Alabama Chief Justice Roy Moore is no stranger to controversy. Following his removal from the same position 13 years ago, Judge Moore is on trial for ethics violation with possible removal from the bench again – this time for refusing to obey the Supreme Court ruling legalizing same-sex marriage.
But Moore’s repeated clashes with the law signals his bigger fight for religious rights over laws – and an assertion of some states’ interests in Washington, at a time when some Southerners say there's a disconnect.
“In the end, he doesn’t hold any hope of actually stopping any of these marriages. But the big question here is jurisdiction: Who has jurisdiction over defining the family? This is about state relevance,” Shannon Bridgmon, a native Alabamian and a political scientist at Northeastern State University in Tahlequah, Okla., told The Christian Science Monitor's Patrik Jonsson in January.
In January, Moore wrote an administrative order to Alabama probate judges, saying that the federal ruling legalizing same-sex marriage only applied to Michigan, Kentucky, Ohio, and Tennessee.
"Until further decision by the Alabama Supreme Court, the existing orders of the Alabama Supreme Court that Alabama probate judges have a ministerial duty not to issue any marriage license contrary to the Alabama Sanctity of Marriage Amendment or the Alabama Marriage Protection Act remain in full force and effect," he wrote.
Moore was suspended following a complaint from the Alabama Judicial Inquiry Commission, stating he "flagrantly disregarded a fundamental constitutional right guaranteed in all states as declared by the United States Court in Obergefell."
He is a controversial figure known to challenge norms and resolutely uphold his religious beliefs. His first removal from the bench in 2003 occurred when he installed a carved granite monument of the Ten Commandments in his courtroom without approval of other court members.
"I am not trying to impose my views on anyone," Moore testified in a subsequent hearing. "The monument doesn't command anyone to do anything. The purpose is to put God back in his rightful place above the church and the state."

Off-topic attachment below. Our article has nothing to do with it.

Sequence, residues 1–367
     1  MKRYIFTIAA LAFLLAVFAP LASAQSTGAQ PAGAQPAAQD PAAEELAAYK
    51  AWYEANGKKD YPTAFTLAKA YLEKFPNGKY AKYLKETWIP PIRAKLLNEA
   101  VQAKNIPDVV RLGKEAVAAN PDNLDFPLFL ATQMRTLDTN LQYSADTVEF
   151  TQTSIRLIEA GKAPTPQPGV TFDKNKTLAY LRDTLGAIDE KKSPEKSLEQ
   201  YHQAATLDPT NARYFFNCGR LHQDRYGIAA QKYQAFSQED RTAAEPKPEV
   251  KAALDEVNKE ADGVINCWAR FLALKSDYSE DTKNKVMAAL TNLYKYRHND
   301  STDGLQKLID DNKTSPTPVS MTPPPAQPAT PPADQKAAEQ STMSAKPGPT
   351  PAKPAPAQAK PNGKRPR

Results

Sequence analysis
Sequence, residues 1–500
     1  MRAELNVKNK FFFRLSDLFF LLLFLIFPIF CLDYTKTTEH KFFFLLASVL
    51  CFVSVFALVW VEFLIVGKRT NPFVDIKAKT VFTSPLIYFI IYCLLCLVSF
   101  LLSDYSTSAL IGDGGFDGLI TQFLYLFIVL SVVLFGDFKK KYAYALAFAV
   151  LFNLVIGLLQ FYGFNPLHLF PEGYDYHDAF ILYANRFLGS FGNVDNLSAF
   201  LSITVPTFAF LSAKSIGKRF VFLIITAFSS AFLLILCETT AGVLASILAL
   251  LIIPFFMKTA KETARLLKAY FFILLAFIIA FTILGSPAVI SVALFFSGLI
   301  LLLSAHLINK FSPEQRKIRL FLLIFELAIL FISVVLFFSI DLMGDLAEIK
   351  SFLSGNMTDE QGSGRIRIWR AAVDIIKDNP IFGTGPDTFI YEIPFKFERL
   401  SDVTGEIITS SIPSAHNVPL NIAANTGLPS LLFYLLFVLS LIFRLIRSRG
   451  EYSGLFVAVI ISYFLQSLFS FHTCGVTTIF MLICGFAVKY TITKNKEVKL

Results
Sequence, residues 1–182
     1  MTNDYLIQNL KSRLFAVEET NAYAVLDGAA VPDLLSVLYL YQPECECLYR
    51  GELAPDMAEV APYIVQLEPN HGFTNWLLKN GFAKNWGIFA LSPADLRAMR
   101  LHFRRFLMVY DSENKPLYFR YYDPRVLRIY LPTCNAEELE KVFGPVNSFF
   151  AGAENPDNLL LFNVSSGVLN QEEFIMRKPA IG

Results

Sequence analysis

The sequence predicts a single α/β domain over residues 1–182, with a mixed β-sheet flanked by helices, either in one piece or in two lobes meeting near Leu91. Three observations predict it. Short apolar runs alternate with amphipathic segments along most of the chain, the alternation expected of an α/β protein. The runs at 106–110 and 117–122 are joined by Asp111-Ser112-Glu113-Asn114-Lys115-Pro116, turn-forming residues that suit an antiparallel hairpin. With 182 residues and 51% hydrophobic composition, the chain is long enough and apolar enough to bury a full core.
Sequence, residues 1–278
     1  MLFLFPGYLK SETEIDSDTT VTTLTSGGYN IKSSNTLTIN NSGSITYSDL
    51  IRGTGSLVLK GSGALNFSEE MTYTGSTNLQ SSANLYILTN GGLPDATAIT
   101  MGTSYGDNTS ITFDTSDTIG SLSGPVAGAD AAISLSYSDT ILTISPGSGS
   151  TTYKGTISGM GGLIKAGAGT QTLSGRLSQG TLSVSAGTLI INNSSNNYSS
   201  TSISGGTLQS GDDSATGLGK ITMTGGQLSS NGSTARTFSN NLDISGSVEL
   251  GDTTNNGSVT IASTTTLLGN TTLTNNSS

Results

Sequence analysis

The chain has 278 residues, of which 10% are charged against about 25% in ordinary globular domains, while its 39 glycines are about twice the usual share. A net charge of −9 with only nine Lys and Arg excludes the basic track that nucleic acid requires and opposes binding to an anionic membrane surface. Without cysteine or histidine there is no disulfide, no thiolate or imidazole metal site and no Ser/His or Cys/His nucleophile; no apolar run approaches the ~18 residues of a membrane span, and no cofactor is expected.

Moore contended that the Ten Commandments are the foundation of the US legal system, and that forbidding the acknowledgment of the Judeo-Christian God violates the First Amendment's guarantee of free exercise of religion, as he explained in a CNN interview in 2003.
Only one in five Americans approved of the federal court order to remove the monument, according to a 2003 poll from CNN-USA Today-Gallup.
“For now, Judge Moore's gambit is the most daring effort legally and artistically to put God at the center of US society,” The Christian Science Monitor reported in 2002. The monument drew crowds of Christians who “arrived by the busload to view it, with some kneeling and pray before it like a holy shrine,” as the Monitor's Glynn Wilson reported.
His actions were met with criticism from those who accused him of “putting the Judeo-Christian god above others” and for affronting the First Amendment ban on government establishment of religion.
But Alabama residents voted Moore back into office in 2012, the year President Barack Obama endorsed same-sex marriage. The state had passed a constitutional amendment banning same-sex marriage in 2006, and some surveys have shown that majority of the state residents don’t support same-sex marriage today. The amendment was struck down by a federal judge in 2015.
But Moore's tendency to put religion and law together elicits concern from many who see it as a disregard for the constitution.
"Roy Moore doesn't know the difference between being a judge and being a preacher," Richard Cohen, the president of the Southern Poverty Law Center, told NPR in an interview. "He thinks his religious beliefs should trump his obligations under the law, and that's a dangerous thing."
Parallels were drawn to former Alabama Gov. George Wallace, who refused to desegregate schools in the 60s, defying federal laws. The consensus among legal observers seem to be that as a chief justice, Moore should draw a line between his own religious beliefs and what the law stands for.
“I think the big picture here is that law isn’t politics and politics isn’t the law,” Ronald Krotoszynski Jr., a professor at the University of Alabama School of Law, told the Monitor in January. “As a political matter, the chief justice can oppose Obergefell, argue it’s wrongly decided, and propose an amendment to the federal Constitution. But as the chief justice of Alabama, there’s no meritorious argument here.”
And not all in Alabama agree with Moore. Some said that they should keep their opinions on same-sex marriage to themselves, and judges in several counties ignored Moore’s orders. Steven Reed, Montgomery County's probate judge, even voiced in on Twitter.
Moore’s trial began Wednesday. It will take a unanimous vote by the Court of the Judiciary to remove him from office.